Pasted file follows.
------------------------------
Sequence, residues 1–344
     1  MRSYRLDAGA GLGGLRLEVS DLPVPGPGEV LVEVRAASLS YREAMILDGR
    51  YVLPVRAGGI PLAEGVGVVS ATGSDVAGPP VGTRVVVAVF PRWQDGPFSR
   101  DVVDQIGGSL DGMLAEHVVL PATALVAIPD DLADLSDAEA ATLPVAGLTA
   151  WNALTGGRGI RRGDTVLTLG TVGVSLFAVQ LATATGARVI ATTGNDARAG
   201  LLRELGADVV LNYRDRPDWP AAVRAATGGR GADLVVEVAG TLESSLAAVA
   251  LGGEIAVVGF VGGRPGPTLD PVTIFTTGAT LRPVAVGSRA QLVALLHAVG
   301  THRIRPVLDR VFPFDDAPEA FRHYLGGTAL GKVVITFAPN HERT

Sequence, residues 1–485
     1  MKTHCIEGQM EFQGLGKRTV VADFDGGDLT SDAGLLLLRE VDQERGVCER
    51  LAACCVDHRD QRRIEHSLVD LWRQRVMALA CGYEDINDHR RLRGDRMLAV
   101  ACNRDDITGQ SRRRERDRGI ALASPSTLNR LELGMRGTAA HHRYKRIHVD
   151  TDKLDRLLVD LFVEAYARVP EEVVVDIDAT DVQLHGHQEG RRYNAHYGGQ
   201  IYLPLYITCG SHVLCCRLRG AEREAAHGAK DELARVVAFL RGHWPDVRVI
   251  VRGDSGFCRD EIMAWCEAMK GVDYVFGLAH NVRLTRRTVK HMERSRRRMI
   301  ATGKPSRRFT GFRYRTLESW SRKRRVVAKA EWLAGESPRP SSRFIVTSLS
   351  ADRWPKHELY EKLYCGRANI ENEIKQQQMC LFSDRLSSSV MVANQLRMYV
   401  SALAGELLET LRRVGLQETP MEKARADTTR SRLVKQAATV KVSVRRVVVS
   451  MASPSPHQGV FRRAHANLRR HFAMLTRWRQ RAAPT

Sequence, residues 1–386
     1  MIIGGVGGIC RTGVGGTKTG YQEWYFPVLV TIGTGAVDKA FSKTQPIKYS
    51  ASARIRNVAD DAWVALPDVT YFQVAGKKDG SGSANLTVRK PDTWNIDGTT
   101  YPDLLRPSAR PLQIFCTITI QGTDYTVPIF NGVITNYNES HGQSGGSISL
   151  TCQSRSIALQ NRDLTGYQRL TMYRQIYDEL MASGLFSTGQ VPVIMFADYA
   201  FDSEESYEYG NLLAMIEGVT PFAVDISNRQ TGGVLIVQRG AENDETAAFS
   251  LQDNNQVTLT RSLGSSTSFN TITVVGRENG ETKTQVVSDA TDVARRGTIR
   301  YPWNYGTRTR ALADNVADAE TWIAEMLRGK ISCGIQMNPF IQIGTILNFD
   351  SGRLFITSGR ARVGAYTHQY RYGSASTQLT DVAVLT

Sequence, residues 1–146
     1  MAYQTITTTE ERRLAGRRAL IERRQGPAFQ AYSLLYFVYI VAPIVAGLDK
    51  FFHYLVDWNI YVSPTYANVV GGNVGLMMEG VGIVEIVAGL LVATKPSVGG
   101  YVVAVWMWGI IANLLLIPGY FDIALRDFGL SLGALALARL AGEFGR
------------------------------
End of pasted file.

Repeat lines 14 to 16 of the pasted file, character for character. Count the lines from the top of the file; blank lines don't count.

   201  IYLPLYITCG SHVLCCRLRG AEREAAHGAK DELARVVAFL RGHWPDVRVI
   251  VRGDSGFCRD EIMAWCEAMK GVDYVFGLAH NVRLTRRTVK HMERSRRRMI
   301  ATGKPSRRFT GFRYRTLESW SRKRRVVAKA EWLAGESPRP SSRFIVTSLS